Remembering the Three Days
For some, the whole concept of the liturgical year is still problematic. What these churches may not realize is that by scheduling Good Friday services, they have already recognized the validity of an annual cycle of remembering the great events of salvation history.
And with good reason. Scripture encourages us to keep our fasts and our feasts on a schedule—not only weekly, but also annually. The early church remembered the death and resurrection of Christ on an annual basis with the Three Great Days, from Thursday sunset to Sunday sunset. These early Christians did not separate Good Friday and Easter. Indeed, Scripture often links the words "death and resurrection" of Jesus Christ together in one phrase. Today in many parts of the world, Christians gather late on Saturday night and spend time reviewing the history of salvation until the light dawns and morning breaks on the Day of Resurrection.
Another problem some people struggle with is the potential confusion between remembering and reenacting an event. We do not reenact the Lord's Supper on Thursday night or any other time, and we do not crucify Christ anew on Good Friday. Nor should our services ever confuse what happened once and for all with how we "remember" Christ in the Lord's Supper or in any other part of our worship. And yet, we "do" the Lord's Supper. And in a real way, Christ's resurrection is repeated in the life of every believer; we proclaim in our baptisms that we have died to sin and are raised to new life in Christ.
Here I think the example of birthday celebrations may be of help. Of course we do not reenact the one-time event of birth. But that does not prevent us from setting aside one day a year to celebrate that event and that person. We bake a cake, give gifts, sing, and gather to enjoy each other's company.
We have no difficulty separating the celebration from the origin of the event. Celebrating birthdays is a way to remember a life, not a birth; a person, not an event; a relationship, not a date on a calendar. Birthdays are times to honor, to show love, to celebrate and to remember.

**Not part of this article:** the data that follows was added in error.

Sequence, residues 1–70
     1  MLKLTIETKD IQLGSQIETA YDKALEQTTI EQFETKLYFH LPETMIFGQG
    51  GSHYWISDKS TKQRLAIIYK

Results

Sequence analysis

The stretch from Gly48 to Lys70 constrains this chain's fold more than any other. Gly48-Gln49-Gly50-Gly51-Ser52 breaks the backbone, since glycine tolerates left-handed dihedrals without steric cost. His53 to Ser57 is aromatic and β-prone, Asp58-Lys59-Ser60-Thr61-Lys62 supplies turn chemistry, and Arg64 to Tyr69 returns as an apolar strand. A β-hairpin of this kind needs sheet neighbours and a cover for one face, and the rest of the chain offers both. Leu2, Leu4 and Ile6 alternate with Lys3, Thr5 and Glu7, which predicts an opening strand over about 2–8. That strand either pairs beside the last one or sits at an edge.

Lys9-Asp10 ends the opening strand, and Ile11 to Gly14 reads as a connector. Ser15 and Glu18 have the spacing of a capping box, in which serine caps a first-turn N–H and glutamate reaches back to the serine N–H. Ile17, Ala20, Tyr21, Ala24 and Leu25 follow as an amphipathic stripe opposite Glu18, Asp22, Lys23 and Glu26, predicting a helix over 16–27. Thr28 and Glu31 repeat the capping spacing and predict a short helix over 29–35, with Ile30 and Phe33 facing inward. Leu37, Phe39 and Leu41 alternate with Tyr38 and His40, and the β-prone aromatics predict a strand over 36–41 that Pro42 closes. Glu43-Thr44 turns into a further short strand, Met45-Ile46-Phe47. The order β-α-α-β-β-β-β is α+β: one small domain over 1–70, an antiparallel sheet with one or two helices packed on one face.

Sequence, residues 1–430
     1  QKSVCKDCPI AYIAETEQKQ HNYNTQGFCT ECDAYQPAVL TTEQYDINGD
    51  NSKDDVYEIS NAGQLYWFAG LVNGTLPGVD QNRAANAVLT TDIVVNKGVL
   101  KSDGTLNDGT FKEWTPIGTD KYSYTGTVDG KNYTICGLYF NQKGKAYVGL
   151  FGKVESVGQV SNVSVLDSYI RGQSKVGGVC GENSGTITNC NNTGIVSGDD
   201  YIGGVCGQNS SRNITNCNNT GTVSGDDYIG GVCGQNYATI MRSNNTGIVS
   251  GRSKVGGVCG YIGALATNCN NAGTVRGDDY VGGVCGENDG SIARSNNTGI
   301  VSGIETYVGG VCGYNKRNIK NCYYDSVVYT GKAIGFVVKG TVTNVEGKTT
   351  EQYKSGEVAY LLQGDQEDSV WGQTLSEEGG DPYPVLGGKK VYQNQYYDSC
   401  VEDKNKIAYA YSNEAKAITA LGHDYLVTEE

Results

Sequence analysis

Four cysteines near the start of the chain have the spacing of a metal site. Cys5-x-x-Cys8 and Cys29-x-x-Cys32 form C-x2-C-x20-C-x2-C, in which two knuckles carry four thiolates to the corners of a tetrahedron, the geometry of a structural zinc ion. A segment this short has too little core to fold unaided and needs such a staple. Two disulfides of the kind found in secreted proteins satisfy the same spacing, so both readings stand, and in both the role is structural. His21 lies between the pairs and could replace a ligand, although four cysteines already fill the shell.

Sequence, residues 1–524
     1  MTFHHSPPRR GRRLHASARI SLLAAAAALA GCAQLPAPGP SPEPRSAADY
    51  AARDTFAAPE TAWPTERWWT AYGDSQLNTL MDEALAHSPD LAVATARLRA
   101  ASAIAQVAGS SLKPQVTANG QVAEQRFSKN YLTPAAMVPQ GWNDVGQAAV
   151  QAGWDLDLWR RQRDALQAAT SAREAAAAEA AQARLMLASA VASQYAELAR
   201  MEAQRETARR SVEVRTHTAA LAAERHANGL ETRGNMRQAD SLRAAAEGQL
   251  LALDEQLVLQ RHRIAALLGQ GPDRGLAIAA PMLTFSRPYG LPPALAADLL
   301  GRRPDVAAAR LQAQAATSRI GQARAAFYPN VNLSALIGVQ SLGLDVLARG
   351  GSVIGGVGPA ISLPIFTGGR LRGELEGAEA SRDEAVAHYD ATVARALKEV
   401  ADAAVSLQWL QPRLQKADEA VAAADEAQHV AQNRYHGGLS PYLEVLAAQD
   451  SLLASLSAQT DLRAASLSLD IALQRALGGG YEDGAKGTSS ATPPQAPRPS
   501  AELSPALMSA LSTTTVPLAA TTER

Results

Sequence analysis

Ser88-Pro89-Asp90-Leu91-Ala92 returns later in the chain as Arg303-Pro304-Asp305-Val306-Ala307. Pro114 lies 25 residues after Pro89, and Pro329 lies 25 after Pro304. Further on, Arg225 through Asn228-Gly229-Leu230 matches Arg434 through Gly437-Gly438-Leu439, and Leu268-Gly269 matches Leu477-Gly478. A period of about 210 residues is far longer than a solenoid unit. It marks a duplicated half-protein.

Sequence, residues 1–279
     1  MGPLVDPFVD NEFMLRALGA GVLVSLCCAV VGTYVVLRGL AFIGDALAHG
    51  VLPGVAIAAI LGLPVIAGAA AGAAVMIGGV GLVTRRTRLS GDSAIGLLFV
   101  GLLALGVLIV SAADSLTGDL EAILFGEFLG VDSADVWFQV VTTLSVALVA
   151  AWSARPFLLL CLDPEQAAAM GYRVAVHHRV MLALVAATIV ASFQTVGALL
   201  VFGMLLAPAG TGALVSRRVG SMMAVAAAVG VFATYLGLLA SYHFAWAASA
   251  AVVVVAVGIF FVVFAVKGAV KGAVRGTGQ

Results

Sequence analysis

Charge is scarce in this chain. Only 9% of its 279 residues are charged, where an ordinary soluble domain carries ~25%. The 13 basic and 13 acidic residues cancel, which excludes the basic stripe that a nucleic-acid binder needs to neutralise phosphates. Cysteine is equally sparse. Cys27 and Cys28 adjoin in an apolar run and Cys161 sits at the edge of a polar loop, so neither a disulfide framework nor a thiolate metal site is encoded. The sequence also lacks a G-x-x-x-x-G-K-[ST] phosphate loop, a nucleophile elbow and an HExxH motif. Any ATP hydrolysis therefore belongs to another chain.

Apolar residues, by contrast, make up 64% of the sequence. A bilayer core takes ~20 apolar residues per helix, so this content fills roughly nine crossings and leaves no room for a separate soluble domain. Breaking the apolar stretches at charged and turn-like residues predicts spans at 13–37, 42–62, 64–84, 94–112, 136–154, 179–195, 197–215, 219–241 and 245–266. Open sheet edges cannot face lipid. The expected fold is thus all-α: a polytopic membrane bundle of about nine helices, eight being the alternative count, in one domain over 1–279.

A more fundamental problem with observing Holy Week, or the Three Great Days, is one rooted in a culture that doesn't like to be reminded of the cost of the things we enjoy. Although we are often reminded that there is "no gain without pain," we don't like it that way. Our culture—and many Christians living in this culture—would just as soon have Easter without Good Friday. So our churches are full on Easter Sunday, the most joyous day of the year, and we work hard at maintaining that Easter joy on our "little Easters" as well.
We need to celebrate the victory that Christ has brought us over sin and death. But we also need to come to terms with sin and evil—with the pain in the way of the cross. We have not yet learned very well how to pray together during hard times, how to lament the evil and injustice that continue to wound Christ, his church, and his world. We have neglected our fast days. We have sometimes forgotten that Christ still prays for us and calls us not only to celebrate his resurrection but also to pray with him and to take up our cross and follow him.
Offering More Opportunities for Worship